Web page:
Sunday, March 22, 2009

Connie Crosby's 7 Reasons for Taking an Information Management Certificate

Last month I wrote about starting on the new Information Management Certificate from the Professional Learning Centre (the PLC) at the iSchool at Toronto. Since that time, I have completed the two introductory courses with Deirdre Grimes and Ivan Welsh, including handing in the assignments, and just finished attending the Information Management Analyses course with Janet de Guzman and have to work on the assignment.

What keeps coming up is the question, "Why?". Why am I taking this program? Didn't I already learn information management in library school? How is it that I am consulting in information management, and yet need to take courses? All excellent questions!

Here, then, are my top 7 reasons for taking this program:

  1. Information management is a relatively new discipline. When I embarked on my Master of Library Science (MLS) degree twenty years ago, it was not on the radar of any library science program. While many of the skills of librarians are transferable to information management (or IM), we do not necessarily have formal training in this area.
  2. I am more studied in Knowledge Management. Much of my reading and learning has been in the area of Knowledge Management (or KM). Often times KM embraces IM, or IM embraces KM, depending on the organization. I learned from Deirdre Grimes that they are two separate disciplines that have developed in parallel. As I learn more about IM, I see a lot of overlap between the two. But, there are a lot of differences as well.
  3. I want to supplement my practical experience. I have practical experience in IM, including many of the projects I work on for clients, but I do not have formal training in this area. Most people working in this area do not. What the program is offering me is a methodical look through each of the areas encompassed by IM, so I can learn about areas I have not yet experienced. I am also broadening my understanding and pulling together ideas that I already know, as well as finding out about practical tools for use in my work.
  4. Learning from the other participants. We come from a range of organizations and disciplines, and can all learn from one another. It is not just librarians taking this program, but records managers, those in IT and, yes, some consultants. We come from government, non-profits, and businesses. The course, much like an MBA program, is set up so that we all get to discuss our experiences and learn from one another. This technique helps to bring the curriculum to life.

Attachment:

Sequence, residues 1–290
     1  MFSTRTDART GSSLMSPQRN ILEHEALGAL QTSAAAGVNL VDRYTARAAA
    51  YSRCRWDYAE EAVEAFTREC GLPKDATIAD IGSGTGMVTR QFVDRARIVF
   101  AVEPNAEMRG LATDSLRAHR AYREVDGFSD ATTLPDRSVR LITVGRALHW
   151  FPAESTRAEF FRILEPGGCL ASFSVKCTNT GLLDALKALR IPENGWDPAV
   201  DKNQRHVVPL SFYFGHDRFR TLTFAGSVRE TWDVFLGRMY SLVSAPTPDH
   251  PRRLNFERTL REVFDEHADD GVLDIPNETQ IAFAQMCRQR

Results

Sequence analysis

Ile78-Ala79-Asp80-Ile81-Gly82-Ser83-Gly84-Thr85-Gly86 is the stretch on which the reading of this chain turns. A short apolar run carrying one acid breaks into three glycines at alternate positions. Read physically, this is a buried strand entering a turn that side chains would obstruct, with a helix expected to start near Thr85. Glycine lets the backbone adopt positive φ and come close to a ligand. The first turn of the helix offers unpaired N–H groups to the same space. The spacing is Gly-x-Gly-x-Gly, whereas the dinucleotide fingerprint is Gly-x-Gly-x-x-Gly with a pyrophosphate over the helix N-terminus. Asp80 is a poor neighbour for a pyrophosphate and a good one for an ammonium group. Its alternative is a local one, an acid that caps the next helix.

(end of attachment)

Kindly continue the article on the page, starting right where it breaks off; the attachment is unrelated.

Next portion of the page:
5. Timing of the program is flexible. I can jump in and finish up the whole program by the end of June, or I can do the courses as I have time. The whole set is being taught again in the fall, and again both in the spring and fall next year. I am playing it by ear and signing up for the courses as I feel it will best fit in with my client work.
  6. The instructors. The instructors come from a range of industries, so I get the benefit of hearing from another point of view. These people are expert practitioners in their areas, so they are putting this information to practical use themselves and bringing their extensive experience to the program.
  7. I am applying what I learn immediately. I have been able to take the assignments and adapt them to work I am already doing, thereby learning directly from the course and giving the immediate benefit to my clients. I wish a lot of what I am learning I already knew when I was library manager.


Wendy Reynolds said...

Connie, I finished the certificate last year, and although it was sometimes a tough slog to fit the homework in with "work work", it was a really worthwhile undertaking. You're right - the faculty are great and the quality of the discussion in the classes is quite a departure from grad school.

Connie Crosby said...

I didn't know you had taken it, too, Wendy. They have revamped the program significantly since last year. And as you can tell, I am quite excited about taking it.

Thank you for the encouragement!


Marjan said...

"As I learn more about IM, I see a lot of overlap between the two. But, there are a lot of differences as well."

What are the differences? I'm finding it very difficult to get a clear understanding of what IM involves. Is it closer to records management? Why would you need an IM certificate if you already have experience in KM?